More paintings I've produced recently. I usually do digital stuff in between traditional painting commissions, but also because I'm still learning all the time. It's odd sometimes not having a 'real' physical painting at the end of working on something, but the end results are the same... or similar.
Here's a process and demo of a simple painting. It's a basic character design for a book on
goblins, and this one is a Cornish mine goblin, called a knocker.
In my sketch book, I first draw a bunch of thumbnails, until I decide on the final character
design and position for the painting. For this picture of a Cornish Knocker, I pretty much
already had an idea of what I wanted to do, so it was just a matter of refining for the final
The final sketch is rendered in some detail, either drawn straight onto the painting surface, or
traced from a sketch book and transferred to the painting surface. I then carry on adding
detail with an HB or B pencil before I start to paint.
Now to paint... I'm using acrylic paints here, but with a very 'water colour style/technique'. I
do like that versitility of acrylic paints, but water colour paints would work just as well.
First paint the leather clothing. Use a dilute base of raw sienna to keep the tones warm. Over
paint with a mixture of raw umber and green umber. Paint one section at a time, and before
completely dry, use a clean damp brush (not wet), to knock back areas of the paint. This will
put back highlights in certain areas, ie over the thigh. Use this technique lightly and sparingly
to give the leather texture and creases. Use Vandyke brown for shadows and to tidy edges, ie
around the belt and on the shoulders.
Paint the 'codpiece' and the belt. Use buff titanium for the codpiece and edge with raw
umber. Rub this last colour in with an almost dry brush, to create shadow and when dry, use
Vandyke brown to create the central line and leather threads that hold the two pieces together.
Edge with Vandyke brown. Use Vandyke brown for the belt, darker in the shadows, more
dilute as it comes round the stomach. Leave a thin edge to the belt unpainted. Rub the tiniest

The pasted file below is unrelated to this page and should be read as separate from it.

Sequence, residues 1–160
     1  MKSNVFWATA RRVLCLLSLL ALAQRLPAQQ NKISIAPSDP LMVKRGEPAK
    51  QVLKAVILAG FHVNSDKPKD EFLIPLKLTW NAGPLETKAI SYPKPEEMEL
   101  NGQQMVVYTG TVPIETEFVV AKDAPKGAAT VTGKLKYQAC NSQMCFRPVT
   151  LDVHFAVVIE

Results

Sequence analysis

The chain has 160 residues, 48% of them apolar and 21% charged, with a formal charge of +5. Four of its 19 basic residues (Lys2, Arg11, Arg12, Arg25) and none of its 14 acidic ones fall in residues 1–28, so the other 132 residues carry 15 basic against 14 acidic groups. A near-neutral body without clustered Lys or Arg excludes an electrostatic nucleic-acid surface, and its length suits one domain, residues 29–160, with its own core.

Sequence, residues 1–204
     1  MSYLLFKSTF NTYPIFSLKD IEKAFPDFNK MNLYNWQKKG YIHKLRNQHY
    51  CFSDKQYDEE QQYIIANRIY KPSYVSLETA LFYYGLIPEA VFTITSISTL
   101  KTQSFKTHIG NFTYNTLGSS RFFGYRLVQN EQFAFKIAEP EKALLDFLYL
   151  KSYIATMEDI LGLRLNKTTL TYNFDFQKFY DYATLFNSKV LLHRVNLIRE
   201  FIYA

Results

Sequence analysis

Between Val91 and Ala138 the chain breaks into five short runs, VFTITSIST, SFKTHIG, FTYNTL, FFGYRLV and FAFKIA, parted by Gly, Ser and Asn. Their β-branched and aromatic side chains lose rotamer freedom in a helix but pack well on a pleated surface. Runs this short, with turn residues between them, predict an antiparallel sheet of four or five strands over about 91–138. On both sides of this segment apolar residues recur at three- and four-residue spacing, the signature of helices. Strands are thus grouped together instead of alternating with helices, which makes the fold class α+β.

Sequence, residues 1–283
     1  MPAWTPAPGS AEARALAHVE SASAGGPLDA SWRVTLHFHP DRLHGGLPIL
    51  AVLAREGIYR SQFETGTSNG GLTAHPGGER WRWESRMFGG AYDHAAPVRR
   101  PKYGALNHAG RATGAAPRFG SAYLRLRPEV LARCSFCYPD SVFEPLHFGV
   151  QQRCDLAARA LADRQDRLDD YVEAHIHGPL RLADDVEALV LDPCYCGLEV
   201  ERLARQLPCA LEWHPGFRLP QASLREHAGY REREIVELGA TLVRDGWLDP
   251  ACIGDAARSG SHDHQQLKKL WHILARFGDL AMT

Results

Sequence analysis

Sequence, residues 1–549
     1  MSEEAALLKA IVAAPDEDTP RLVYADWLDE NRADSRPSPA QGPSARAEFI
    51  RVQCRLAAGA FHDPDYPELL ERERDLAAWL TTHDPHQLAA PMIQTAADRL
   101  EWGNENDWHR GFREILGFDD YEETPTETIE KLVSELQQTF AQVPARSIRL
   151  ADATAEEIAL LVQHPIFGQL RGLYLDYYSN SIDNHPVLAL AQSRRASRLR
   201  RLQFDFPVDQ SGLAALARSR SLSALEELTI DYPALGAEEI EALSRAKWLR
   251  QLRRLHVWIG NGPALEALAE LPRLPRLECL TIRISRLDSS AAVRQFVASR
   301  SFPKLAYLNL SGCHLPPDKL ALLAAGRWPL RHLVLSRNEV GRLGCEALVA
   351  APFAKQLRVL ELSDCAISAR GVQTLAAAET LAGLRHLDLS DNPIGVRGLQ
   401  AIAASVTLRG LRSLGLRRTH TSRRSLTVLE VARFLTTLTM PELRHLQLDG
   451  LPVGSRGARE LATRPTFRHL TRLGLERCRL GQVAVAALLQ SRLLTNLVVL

amount of titanium white in for highlights before the brown is completely dry. Now paint the
thin unpainted edge with very dilute raw umber.
Use raw sienna for the buckle, with raw umber as shadow and buff titanium for a few
highlights. Edge the buckle with Vandyke brown.
Use the same colours to paint the bronze candle plate, raw sienna first, then raw umber
around the hand and the other end. Edge with Vandyke brown and add titanium white
Start to paint the legs and arms and the rest of the body. Use dilute raw umber, with buff
titanium for highlights on the muscles, and Vandyke brown to deepen the shadowed areas.
Paint the hand in the same way. Use raw umber, slightly darkened with Vandyke brown to
paint hairs on chest, shoulders and arms. A fine 3/O brush and a light touch is necessary
here. (Tip - stick to the edges of the arms). Do the same for the legs and add some hair to the
Paint the face in the same way, buff titanium and raw umber. Use very dilute mix of
transperent red oxide to give a rosy glow to the cheeks and a touch at the end of the nose
and tips of the ears. Use Vandyke brown for shadows, blended in gently. Paint neat
transparent red oxide onto the eyes first, and then use Vandyke brown over the top. Leave an
are of the red oxide showing. Finally, add a tiny dot of white for the eye high light - this is
optional, the eyes will take on a different look if the high light is left out.
Paint the hammer, candle and the knocker's hat (or in this case more of a bandana) The hat is
transparent red oxide, with Vandyke brown shadows and for definition. I've washed out the
red oxide a bit in the centre to create a subtle highlight. The candle is buff titanium and
Vandyke brown sparingly used for shadow where the wax has run down. The hammer is
Vandyke brown, dilute where it is lighter. In the candle flame (transparent red oxide) I have
added some deep cadmium yellow... just a touch. The 'smoke' is raw umber, very dilute. I've
also added a dilute raw umber shadow.
Finally, and when all was dry, I washed the whole thing with extremely dilute raw umber, wet
in wet. I did this just to change the tonal values slightly and to give the bare white back
ground an bit of colour.